Let's dive in.
assets: First-round pick,
First-round pick via Pelicans, Second-round pick, Second-round pick
via Toronto (if 55-60)
agents: Montrezl Harrell, Isaiah
Thomas, Miles Bridges (restricted), Cody Martin (restricted),
Arnoldas Kulboka (restricted), Scottie Lewis (restricted)
Central question: How can the Hornets
construct an interior defense?
Charlotte's bottom-10 defense doomed the franchise several times
in the regular season and, ultimately, in the Play-In loss to
Atlanta. The Hornets gave up boatloads of at-rim attempts and
three-pointers, and simply looked like turnstiles at times.
Improvement is necessary across the board, but an on-paper view
highlights a clear need for upgrades inside.
Mason Plumlee is a fine basketball player, but he's not
anchoring a high-level NBA defense. Neither is Montrezl Harrell,
and 2021 first-round pick Kai Jones barely touched the floor in
Charlotte. The Hornets don't have a whole lot of salary flexibility
with big-money deals in place for Gordon Hayward and Terry Rozier.
Miles Bridges' restricted free agency is also a key offseason focal
Though the Hornets likely can't throw outright money at a
Deandre Ayton-level restricted free agent, perhaps they could work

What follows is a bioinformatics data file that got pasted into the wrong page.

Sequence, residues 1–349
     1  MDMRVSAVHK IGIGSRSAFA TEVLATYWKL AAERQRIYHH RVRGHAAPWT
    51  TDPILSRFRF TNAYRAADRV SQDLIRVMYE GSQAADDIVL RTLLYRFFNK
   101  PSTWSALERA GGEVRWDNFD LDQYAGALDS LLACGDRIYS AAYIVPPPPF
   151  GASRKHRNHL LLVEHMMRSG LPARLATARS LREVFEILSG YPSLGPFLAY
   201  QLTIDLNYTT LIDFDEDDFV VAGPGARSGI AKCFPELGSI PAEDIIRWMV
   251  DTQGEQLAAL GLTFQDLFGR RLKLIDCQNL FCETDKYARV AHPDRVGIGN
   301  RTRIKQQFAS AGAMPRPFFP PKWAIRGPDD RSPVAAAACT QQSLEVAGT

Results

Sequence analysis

a sign-and-trade for a lesser-known young talent. Maybe Mo Bamba
fits the bill from Orlando? Charlotte was tied to trade rumors
surrounding Myles Turner before the trade deadline, and the front
office could also elect to sign a veteran at a mid-level
Regardless of the pathway, the Hornets have needed to address
the center position for years now. With a playoff leap now the
expectation in 2022-23, they can't afford to let another summer
Draft assets: First-round pick,
Second-round pick via Spurs, Second-round pick via Heat
Potential free agents: Ed Davis, Rajon
Rondo, Brandon Goodwin, Collin Sexton (restricted), Moses Brown
(restricted), RJ Nembhard (restricted), Dean Wade (team
Central question: What is Collin
Sexton's future in Cleveland?
The Cavaliers may have slid out of the playoffs, but this was a
banner year for the franchise's long-term trajectory. Darius
Garland emerged as a cornerstone point guard, Evan Mobley might win
Rookie of the Year, and the frontcourt pairing with Jarrett Allen
looks to be a mainstay in the Eastern Conference. Injuries
ultimately derailed what was a top-four seed. Most of the rotation
is under contract and under 30, hinting at continued growth.
This seaon's leap makes the situation with Sexton... difficult.
Let's not forget that the combo guard is a season removed from a
24-point-per-game season as an efficient primary scorer, and that
the Cavs were 19th in Offensive Rating this year. Sexton can
meaningfully boost Cleveland simply as a bucket-getter, nevermind
if he keeps improving as a playmaker.
What kind of contract do the Cavs offer to a 23-year-old who
missed nearly a full season with a knee injury though? If a
desperate team decides to throw money at Sexton to force the
franchise to match, is there a limit to the front office's
willingness? What would an extension mean for Isaac Okoro and Caris
Sexton is one of the biggest dominoes in the upcoming offseason,
and arguably the most unpredictable.